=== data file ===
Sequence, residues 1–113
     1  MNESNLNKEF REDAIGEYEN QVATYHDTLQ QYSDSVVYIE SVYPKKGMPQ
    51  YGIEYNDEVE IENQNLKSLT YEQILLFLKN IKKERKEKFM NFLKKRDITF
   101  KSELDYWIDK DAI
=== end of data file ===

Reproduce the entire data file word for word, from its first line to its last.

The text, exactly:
Sequence, residues 1–113
     1  MNESNLNKEF REDAIGEYEN QVATYHDTLQ QYSDSVVYIE SVYPKKGMPQ
    51  YGIEYNDEVE IENQNLKSLT YEQILLFLKN IKKERKEKFM NFLKKRDITF
   101  KSELDYWIDK DAI